Does the COVID-19 Booster Shot Have Side Effects? Here's What Experts Say
Whether you're planning on receiving a booster shot when they're available, or will be getting an additional dose due to your immunocompromised status, here's what you need to know.
When the COVID-19 mRNA vaccines were first released, there was a lot of talk about potential side effects—especially after people had their second dose. The Centers for Disease Control and Prevention (CDC) even addressed this, noting at the time that side effects from the second dose may be more intense than ones people experienced after their first shot. Those side effects, the CDC said, are normal signs that your body is building protection.
Fast forward about eight months and the conversation is ramping up again: Booster doses of the COVID-19 mRNA vaccines are slated to open up to all Americans, starting on September 20 (pending green lights from the CDC and FDA), and some immunocompromised residents are getting an additional dose of the vaccine even sooner (or they've already gotten it).
These third doses of the vaccine have people wondering: Will these COVID-19 booster or additional doses come with side effects too—and will they be worse or better than the second or first doses? Here's what you need to know about any symptoms you might feel after a booster or additional shot of an mRNA COVID-19 vaccine, according to experts.
First, where do things stand with COVID-19 booster shots specifically?
The US Department of Health and Human Services (HHS) and medical experts announced in a joint statement on August 18 that, in accordance with recommendations from the Biden Administration, all Americans who received a two-dose mRNA COVID-19 vaccine series should get booster shots eight months after their second dose—but that guidance isn't in effect just yet.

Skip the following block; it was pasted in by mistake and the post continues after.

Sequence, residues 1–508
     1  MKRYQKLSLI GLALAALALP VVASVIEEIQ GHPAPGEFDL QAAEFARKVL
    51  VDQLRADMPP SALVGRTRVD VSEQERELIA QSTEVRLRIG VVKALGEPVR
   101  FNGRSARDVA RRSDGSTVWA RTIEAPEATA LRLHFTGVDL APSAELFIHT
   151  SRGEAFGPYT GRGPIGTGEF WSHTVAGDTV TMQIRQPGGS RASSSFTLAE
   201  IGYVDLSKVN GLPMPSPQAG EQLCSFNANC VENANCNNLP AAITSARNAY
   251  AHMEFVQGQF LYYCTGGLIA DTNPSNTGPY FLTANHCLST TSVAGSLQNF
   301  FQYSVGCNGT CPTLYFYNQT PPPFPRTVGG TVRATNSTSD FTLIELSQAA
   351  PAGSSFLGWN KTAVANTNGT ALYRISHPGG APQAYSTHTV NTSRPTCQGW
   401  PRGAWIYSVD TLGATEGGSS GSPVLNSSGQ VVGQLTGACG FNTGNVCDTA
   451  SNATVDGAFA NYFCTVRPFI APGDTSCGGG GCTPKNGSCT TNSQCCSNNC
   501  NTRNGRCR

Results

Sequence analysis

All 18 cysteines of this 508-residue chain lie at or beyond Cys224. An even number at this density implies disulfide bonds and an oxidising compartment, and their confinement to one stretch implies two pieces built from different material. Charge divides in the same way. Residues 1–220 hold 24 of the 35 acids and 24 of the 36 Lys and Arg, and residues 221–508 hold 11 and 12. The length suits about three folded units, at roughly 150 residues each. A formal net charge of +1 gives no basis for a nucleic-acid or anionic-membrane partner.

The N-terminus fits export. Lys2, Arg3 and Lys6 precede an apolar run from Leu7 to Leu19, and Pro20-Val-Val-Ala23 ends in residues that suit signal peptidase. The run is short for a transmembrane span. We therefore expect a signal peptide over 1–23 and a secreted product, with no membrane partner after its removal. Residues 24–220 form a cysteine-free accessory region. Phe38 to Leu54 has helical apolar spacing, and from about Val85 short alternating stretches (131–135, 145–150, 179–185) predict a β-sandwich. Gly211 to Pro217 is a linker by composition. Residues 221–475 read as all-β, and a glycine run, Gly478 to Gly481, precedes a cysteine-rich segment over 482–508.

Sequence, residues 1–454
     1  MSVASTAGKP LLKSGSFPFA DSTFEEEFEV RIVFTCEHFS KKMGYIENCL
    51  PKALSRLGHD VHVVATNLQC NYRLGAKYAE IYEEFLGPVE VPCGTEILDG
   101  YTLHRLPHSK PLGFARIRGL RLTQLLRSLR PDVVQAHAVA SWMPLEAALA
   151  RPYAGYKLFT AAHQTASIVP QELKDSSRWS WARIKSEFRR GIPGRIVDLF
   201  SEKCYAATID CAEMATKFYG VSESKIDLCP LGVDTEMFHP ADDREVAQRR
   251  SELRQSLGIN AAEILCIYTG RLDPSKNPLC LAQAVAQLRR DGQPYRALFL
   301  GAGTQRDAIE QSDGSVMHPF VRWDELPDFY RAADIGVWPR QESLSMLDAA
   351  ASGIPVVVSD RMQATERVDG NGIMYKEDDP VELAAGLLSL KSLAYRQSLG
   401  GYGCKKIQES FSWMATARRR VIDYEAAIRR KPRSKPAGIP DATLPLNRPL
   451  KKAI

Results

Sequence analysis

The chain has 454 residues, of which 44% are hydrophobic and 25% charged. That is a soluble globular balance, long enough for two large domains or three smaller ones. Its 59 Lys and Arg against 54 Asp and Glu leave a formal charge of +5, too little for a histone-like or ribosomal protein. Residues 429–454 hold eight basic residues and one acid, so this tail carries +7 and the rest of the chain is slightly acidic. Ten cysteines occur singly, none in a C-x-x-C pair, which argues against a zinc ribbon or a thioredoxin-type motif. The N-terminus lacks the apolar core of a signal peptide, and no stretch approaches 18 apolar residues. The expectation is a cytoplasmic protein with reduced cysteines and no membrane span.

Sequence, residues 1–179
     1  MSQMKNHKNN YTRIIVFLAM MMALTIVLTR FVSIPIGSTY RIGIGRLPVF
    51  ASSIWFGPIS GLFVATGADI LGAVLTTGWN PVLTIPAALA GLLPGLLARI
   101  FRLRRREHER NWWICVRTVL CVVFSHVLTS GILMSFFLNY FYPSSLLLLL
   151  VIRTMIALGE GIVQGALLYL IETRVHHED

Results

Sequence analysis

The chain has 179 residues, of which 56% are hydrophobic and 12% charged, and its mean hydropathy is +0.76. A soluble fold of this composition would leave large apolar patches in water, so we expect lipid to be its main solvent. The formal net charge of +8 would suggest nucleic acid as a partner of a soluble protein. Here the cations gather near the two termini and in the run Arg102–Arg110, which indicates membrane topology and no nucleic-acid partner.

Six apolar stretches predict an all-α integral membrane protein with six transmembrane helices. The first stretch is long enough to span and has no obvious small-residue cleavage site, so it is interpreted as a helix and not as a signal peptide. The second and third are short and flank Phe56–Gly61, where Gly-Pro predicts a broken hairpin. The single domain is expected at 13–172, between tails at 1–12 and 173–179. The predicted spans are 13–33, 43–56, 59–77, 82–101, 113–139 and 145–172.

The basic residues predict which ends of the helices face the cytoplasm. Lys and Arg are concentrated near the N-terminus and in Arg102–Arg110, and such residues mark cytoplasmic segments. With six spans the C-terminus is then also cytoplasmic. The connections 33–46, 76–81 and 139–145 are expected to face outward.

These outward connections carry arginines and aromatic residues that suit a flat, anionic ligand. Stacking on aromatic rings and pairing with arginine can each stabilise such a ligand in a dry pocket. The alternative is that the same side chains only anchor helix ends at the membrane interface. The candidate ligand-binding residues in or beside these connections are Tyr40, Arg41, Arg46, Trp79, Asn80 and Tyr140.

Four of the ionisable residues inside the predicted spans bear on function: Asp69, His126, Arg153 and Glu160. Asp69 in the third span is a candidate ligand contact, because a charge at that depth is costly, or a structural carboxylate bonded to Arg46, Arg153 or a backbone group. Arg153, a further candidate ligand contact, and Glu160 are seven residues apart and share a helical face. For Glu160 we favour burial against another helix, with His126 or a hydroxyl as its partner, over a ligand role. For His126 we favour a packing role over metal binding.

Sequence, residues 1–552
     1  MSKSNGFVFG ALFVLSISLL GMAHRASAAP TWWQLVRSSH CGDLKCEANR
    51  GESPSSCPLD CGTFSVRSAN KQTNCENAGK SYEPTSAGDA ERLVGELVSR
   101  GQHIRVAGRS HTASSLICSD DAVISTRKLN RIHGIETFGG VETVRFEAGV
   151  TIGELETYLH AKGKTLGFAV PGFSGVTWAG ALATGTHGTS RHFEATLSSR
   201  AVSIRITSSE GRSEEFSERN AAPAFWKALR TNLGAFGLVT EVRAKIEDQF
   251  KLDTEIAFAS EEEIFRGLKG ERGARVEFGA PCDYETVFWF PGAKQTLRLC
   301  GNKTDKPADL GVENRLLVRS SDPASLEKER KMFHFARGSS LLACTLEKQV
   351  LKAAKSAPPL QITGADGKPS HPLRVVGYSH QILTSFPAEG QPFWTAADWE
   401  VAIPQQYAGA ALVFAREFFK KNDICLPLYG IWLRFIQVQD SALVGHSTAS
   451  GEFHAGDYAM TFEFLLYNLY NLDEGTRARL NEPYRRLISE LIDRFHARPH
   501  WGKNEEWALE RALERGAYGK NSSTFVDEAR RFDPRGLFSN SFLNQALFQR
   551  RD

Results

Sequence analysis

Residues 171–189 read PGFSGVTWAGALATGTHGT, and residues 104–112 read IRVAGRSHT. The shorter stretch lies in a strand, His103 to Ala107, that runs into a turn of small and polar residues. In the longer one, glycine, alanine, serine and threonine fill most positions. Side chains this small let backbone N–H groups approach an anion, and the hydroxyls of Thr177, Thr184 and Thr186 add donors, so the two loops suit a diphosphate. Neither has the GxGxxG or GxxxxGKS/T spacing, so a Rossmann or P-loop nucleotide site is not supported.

There are a few hurdles that still stand in the way of full approval for the additional doses to be used as booster shots—both the Food and Drug Administration (FDA) and the CDC's Advisory Committee on Immunization Practices (ACIP) need to do their own independent evaluations and reviews of the evidence suggesting that booster shots are beneficial against waning COVID-19 protection and provide increased protection against the Delta variant. Keep in mind, too, that the HHS announcement was only for mRNA vaccines, not the single-dose Johnson & Johnson (Janssen) vaccine.
"Booster shots for all Americans is not a forgone conclusion," infectious disease expert Amesh A. Adalja, MD, a senior scholar at the Johns Hopkins Center for Health Security, tells Health. "This was announced by the White House—it's usually the CDC and FDA first—and it has understandably caused a lot of pushback from the scientific community."
There is still a group of people who are currently able to get an additional dose of an mRNA COVID-19 vaccine right now: individuals who are moderately to severely immunocompromised. These additional doses are different from booster doses, per the CDC: "Sometimes people who are moderately to severely immunocompromised do not build enough (or any) protection when they first get a vaccination," the agency says. That additional dose can then help immunocompromised people have a better chance of mounting some sort of immune response to the virus. A "booster dose," on the other hand, is a dose given to someone who was able to build protection after their initial vaccination, but then that protection decreased over time (aka, "waning immunity"), the CDC says.